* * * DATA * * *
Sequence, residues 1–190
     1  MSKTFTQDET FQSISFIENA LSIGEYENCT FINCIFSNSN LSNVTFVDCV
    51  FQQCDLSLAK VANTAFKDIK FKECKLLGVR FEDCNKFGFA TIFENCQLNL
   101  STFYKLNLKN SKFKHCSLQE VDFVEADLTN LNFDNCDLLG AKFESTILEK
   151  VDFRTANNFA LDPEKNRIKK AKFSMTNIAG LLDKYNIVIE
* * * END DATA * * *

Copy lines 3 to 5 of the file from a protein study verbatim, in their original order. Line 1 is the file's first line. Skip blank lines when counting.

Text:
    51  FQQCDLSLAK VANTAFKDIK FKECKLLGVR FEDCNKFGFA TIFENCQLNL
   101  STFYKLNLKN SKFKHCSLQE VDFVEADLTN LNFDNCDLLG AKFESTILEK
   151  VDFRTANNFA LDPEKNRIKK AKFSMTNIAG LLDKYNIVIE